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Home / Career / Film Productions
Silent House
005.jpg Original Release: March 9, 2012
Genre: Drama | Horror | Mystery
Running time: 87 minutes
Directed by: Chris Kentis, Laura Lau
Screenplay by: Laura Lau
Produced by: Agnes Mentre, Laura Lau
Distributed by: Universal Pictures
Box Office: $13.1 million

A girl is trapped inside her family’s lakeside retreat and becomes unable to contact the outside world as supernatural forces haunt the house with mysterious energy and consequences.

Cast & Characters

Elizabeth Olsen (Sarah), Adam Trese (John), Eric Sheffer Stevens (Peter), Julia Taylor Ross (Sophia), Adam Barnett (Stalking Man), Haley Murphy (Little Girl).


Production Photos

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Production Notes

The script for the film was written by Laura Lau, and based on the Uruguayan film La casa muda (2010). According to Lau, she saw the original film twice and wrote the script for the remake based on the viewings rather than adapting it from paper. The script ultimately came out to around fifty-five to sixty pages, which left the filmmakers concerned as to whether or not the timing would translate during filming: “We wondered whether it would time out properly, because there are no cuts,” said Lau. “There’s no way to fix anything in post, it has to pace perfectly when you shoot it. So I think that was a huge challenge in terms of writing the script.” Upon acquiring the house used for filming, Lau re-wrote the script in order for it to be compatible with the restrictions and characteristics of the house.

In terms of the film’s unique presentation (being presented as a single take following one character), Lau said: “This entire movie is this woman’s experience; it is her reality […] it is one character’s point of view, it’s exactly what she’s experiencing.” She also stated that several aspects of the film were purposefully left open for interpretation. While writing the script for the film, Lau did extensive research on childhood sexual abuse and posttraumatic stress disorder stemming from psychological trauma.

Although the film’s marketing campaign (as well as the promotion for the original film La casa muda) states that it is inspired by actual events, the specific events are not entirely known. According to Lau, she and Kentis were told, when approached to make the film, that it was based on an occurrence in Uruguay, though the details were left ambiguous:

When we were approached to do the remake, the first thing that we were told, aside from the fact that it was a single take, was that it was based on a true story, and that the true story had to do with something that happened in a village in Uruguay like, 60 years ago, where there were dead bodies and incest was involved.

In terms of casting, Kentis and Lau sought an actress with theatrical training due to the demanding nature of the filming process; Elizabeth Olsen was cast as the lead after impressing Kentis and Lau with her audition.

The movie was shot with Canon EOS 5D Mark II cameras between October and November 2010 on location at a house in New Rochelle, New York. The house used in the film was found by directors Kentis and Lau entirely empty, and was wallpapered and filled with props and furniture by the production design.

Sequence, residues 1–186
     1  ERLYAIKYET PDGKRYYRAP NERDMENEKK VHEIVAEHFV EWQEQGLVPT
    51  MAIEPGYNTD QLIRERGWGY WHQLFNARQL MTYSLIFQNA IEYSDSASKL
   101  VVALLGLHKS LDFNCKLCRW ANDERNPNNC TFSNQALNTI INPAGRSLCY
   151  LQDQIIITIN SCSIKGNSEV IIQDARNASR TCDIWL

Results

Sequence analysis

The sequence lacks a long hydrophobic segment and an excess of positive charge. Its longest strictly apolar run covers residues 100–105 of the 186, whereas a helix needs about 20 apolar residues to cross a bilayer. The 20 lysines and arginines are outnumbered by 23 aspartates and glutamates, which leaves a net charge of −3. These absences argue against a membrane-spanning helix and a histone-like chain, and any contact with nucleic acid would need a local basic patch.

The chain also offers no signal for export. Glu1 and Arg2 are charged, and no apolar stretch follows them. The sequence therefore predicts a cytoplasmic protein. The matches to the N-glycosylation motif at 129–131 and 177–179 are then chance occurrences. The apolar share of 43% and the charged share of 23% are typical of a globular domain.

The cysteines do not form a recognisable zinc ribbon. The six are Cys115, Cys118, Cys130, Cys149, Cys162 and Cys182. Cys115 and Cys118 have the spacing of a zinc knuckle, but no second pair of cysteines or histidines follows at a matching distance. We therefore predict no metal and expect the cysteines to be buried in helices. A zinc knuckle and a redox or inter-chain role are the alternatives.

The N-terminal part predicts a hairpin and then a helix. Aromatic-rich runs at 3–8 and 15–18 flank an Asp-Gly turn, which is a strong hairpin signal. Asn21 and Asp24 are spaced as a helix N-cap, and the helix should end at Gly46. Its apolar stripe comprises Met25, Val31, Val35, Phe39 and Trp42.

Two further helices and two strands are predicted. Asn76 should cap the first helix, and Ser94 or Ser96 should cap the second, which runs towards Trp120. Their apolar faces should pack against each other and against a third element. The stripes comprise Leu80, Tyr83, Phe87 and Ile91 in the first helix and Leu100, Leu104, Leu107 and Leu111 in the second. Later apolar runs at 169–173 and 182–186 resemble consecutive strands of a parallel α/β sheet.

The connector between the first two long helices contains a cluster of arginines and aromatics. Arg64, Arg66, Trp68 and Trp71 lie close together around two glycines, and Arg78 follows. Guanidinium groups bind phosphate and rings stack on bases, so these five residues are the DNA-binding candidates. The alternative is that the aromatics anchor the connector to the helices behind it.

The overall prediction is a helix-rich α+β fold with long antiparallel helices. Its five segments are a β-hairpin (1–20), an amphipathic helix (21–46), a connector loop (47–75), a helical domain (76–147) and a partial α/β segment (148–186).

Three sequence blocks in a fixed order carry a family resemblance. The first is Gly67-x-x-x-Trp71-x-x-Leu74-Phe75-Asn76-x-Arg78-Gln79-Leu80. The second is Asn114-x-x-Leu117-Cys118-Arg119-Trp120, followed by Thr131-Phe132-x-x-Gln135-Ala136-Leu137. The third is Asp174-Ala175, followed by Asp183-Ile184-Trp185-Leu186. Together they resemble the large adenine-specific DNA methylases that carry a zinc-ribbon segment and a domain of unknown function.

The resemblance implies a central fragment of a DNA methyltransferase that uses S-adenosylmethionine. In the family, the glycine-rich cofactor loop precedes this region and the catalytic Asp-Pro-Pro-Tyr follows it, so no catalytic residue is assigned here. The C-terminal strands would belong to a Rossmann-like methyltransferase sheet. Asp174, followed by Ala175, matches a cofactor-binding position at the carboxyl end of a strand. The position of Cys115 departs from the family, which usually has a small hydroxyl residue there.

Due to the unique nature of the film’s presentation as a single take, the production crew ran into several technical issues while filming, mainly surrounding lighting issues and mobility around the house. Since filming was carried out in 12-15 minute takes, there were several occurrences where entire sequences had to be thrown out and re-done repeatedly due to lighting problems or missed cues.

Although the promotional material for the film suggests that it was filmed in real time in a single long take, Elizabeth Olsen revealed that the movie was actually filmed in 12-minute takes and edited so as to appear as one, which was later confirmed by Kentis and Lau.

Directors Kentis and Lau stated that they were inspired by Alfred Hitchcock’s Rope (1948) and Russian Ark (2002), both purported single take films, as well as the home invasion thriller The Strangers (2008). Due to the unconventional filming process and storytelling mode, Kentis felt he was making an “experimental film.” He also stated that the presentation and storytelling mode of the film as a single take was the main focus of the production, and that the fact that there were cuts in the film was irrelevant.

Trivia

  • Contrary to the marketing’s claim that the film was shot in one uninterrupted take, the entire movie was actually shot to mimic one continuous real-time take, with no cuts from start to finish, as a result the time span of the film’s plot is exactly 86 minutes. It was shot in roughly 10 minute segments then carefully edited to hide the cuts. This was confirmed in an interview by Elizabeth Olsen and the directors.
  • Due to the unique nature of the film’s presentation as a single take, the production crew ran into several technical issues while filming, mainly surrounding lighting issues and mobility around the house. Since filming was carried out in 12-15 minute takes, there were several occurrences where entire sequences had to be thrown out and re-done repeatedly due to lighting problems or missed cues.
  • Elizabeth Olsen stated during an interview that she suffered from nightmares during filming simply because she would think of frightening things throughout the day.
  • Elizabeth Olsen is in every single scene of the film and the story is told from her point of view, the film never shifts to another character’s perspective.
  • The film’s plot begins roughly around 5:52 PM and ends at 7:18 PM.